#13 ClubFreeTime.com

There are a bunch of free things going on in the city. Always. I’ve come to rely on one resource (although there are many more). You can sign up for one month or recurring (if you’re lucky enough to call this city home). I’ve been able to see numerous shows at Carnegie Hall, small theatres, off-broadway shows, and many other cool things for $5 thanks to this site.

Other Sources: Time Out NY, Thrillist, Village Voice


I’m also uber happy to help, if you want to ask anything… just comment and I’ll be happy to point you in the right direction if I know how. 

Reggie’s Guide to NYC: Coney Island

Ok. So I’ve survived a full year in New York City and my weekly updates have come and gone. I’m starting a couple new series on here (cue suspenseful tunes) that will surely knock your socks off 🙂

To start, I’m going to be posting a weekly ‘Reggie’s Guide to NYC’… not to be mistaken for another guide list. I am not an expert on nyc. I’m also not an expert on where to go in nyc. This guide is a work in progress… as I visit a place/series of places I’ll post about them with a first hand experience take. Sometimes it’ll be my first time there… sometimes not.

When I visit other cities, I prefer activities that revolve around doing something other than browsing the latest tourist attraction. Hopefully my series of posts will give folks (that’s y’all) an idea of what -else- you can do in the city other than trek to Time Square and stare at the pretty lights (although I can see how that can be appealing). I normally take a bunch of advice from locals myself and then act on them, think of the Reggie Guide as a 2nd filter to all the bullshit that could potentially waste your precious time in this beautiful city.

I’m still working out the kinks and structure.

My first Reggie Guide features Coney Island. Not your typical carnival/fair/theme park…. mainly because it’s something of all those three put together on a permanent (sort of) basis; located on the shore of Brooklyn. Did I mention it’s 95th birthday is Memorial Day 2015?

Best people watching experience I’ve had so far. 

Family-friendly, but be weary… it’s not disney. 

The boardwalk is nothing short of a cultural firework display… so many colors and shapes and sizes… and so many sounds. Walking about a 7 minute stretch, we ran into a latin band playing along side giant speakers, a guitar player with soul, karaoke, a hip hop DJ (there was a full blown dance sesh in the middle of the boardwalk) — all intermingled with the sounds of screams echoing from within the imaginary walls of the park.

coney3This is definitely no Disney… walking up to the gates of the park various versions of ‘Get Low’ could be heard booming from somewhere within.
coney4

coney1 coney10There’s no shortage of shops and food hubs, but it all feels so authentic. I have a distaste for theme parks mainly because nothing feels real… but at Coney Island, even with the sparkly new rides, there’s an aura of historical authenticity in the air. You can feel the presence of the last 95 years.

I think the quote “… perfection is the antithesis of authenticity” is perfectly suited for Coney Island. 
coney6When visiting Coney Island, you might as well plan to go to the beach. It would be a damn shame not to. The beach here gets packed so carry light (I wouldn’t bring a tent unless it’s off season). All the food, drinks, ice-cream, and alcohol you’ll ever want is just steps behind you. If you feel the extra couple of feet is too much to bear, simply wait 10-15 minutes and surely, some lovely gentleman will walk briskly by with hushed offerings like “beer” and “water”. [IF you walk down to Brighton Beach, every so often your friendly drink seller (a dude who just got back from the nearby store) will also carry offerings of the “Vodka” varieties.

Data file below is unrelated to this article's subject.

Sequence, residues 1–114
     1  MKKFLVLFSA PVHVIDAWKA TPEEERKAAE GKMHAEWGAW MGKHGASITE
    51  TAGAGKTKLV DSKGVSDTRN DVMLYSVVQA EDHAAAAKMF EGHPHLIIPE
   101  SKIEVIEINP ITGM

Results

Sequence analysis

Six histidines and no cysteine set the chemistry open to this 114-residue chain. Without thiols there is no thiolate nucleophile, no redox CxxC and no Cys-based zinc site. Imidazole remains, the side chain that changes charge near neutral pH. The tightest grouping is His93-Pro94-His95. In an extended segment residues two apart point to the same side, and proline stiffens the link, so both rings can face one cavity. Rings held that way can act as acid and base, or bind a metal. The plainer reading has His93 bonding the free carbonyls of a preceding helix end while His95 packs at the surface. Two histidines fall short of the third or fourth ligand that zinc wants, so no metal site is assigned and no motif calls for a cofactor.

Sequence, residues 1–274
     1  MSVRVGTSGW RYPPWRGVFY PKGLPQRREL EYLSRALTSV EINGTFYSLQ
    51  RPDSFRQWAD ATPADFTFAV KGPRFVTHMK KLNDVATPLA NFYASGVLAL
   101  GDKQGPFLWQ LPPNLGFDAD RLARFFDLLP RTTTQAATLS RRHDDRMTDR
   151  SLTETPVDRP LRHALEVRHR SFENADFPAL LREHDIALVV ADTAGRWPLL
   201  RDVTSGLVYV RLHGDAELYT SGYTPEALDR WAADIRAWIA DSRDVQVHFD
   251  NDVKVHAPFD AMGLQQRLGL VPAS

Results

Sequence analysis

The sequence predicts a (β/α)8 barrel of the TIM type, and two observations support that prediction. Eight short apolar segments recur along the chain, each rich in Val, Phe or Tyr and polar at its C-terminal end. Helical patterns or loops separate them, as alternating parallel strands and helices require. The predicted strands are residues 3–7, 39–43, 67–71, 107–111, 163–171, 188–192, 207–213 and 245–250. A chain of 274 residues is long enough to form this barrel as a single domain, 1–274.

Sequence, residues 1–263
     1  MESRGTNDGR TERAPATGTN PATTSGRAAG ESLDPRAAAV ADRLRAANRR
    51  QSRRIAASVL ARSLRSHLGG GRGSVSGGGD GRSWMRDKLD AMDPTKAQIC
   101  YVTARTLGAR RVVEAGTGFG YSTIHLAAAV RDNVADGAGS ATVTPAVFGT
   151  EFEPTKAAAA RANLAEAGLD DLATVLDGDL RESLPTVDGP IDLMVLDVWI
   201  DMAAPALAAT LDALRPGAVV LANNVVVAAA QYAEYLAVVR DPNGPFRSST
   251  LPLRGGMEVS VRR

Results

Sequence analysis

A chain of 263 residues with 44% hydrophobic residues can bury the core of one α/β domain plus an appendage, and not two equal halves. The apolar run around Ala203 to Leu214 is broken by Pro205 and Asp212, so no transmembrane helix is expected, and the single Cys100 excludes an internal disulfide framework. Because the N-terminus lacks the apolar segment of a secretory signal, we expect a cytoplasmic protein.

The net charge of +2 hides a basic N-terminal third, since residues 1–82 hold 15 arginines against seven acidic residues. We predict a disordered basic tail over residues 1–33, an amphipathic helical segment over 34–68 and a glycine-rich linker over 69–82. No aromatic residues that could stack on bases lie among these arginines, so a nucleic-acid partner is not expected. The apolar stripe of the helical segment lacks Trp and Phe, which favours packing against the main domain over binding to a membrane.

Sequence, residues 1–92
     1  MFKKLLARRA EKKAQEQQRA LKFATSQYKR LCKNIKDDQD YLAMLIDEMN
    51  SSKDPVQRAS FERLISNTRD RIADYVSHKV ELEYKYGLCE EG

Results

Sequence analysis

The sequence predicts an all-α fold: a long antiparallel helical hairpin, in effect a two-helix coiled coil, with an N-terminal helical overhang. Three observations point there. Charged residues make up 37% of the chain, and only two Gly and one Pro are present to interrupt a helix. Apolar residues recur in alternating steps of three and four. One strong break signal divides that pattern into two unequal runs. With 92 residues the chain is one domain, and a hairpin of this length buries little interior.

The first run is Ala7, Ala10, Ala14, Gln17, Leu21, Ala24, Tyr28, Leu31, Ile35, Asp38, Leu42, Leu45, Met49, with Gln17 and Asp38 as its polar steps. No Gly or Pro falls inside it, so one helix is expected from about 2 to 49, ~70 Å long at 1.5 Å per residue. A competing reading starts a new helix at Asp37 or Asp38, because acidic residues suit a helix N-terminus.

coney11Don’t expect the beach here to be your perfect nature getaway (it’s more like a nature got away). You’ll be surrounded, as I mentioned before, so the attraction here has more to do with the beautiful array of folks and not so much the pristine nature. 
coney7 coney8The way tickets are dealt with here is a complete mess. I kind of feel like they keep their crazy irrational methods the same to maintain the historical integrity (or that’s what I keep telling myself). Each ride costs a different amount of ‘credits’ and you buy ‘credits’ at the ticket booth. I’d suggest looking over the rules before heading out so you know exactly what to expect. The folks working the park try their best to explain, but it’s not their fault the system was made by someone who had a personal vendetta against rational thinking.

coney2 coney9 coney12Cyclone: one of two original rides still active in the park (Luna Park). Built in 1927 & declared a NYC landmark in 1988.

It is pretty gosh darn cool to ride a coaster that old! I’m not going to lie, the rickety structure had me worried for a minute. 
coney13

To Bring:

* small bag (or light Backpack)

There are lockers inside the park and a place to either store your bag while you ride. Either way, you don’t want to carry something heavy all daylong.

* water bottle (you don’t want to spend $2.50 on a water bottle that could have cost you nothing)

* Sunscreen (trust me, you don’t want to learn the hard way)

* light towel (for the beach)

* cash (in case you loose the feeling in your legs and you decide to buy a drink from a passerby)

TIPS:

* Nathans Famous Hotdogs (the original) is here… if you want to be all historical and all, make sure you go to the original location (corner of Stillwell ave & Surf ave)

[There’s a special express line for hot dogs, fries, & beer… use it. Otherwise be ready to wait in line for-EVER]

* Eating cotton candy while riding the ferris wheel (Wonder Wheel) is recommended… because duh?

* Check the weather before coming, specifically for Coney Island, and be prepared. This area has a pretty big breeze going (especially right on the beach)

coney14The D, F, N & Q all end at Coney Island… from Manhattan, expect to take about 1 – 1.5 getting here.

 Have you ever been to Coney Island? What did ya think?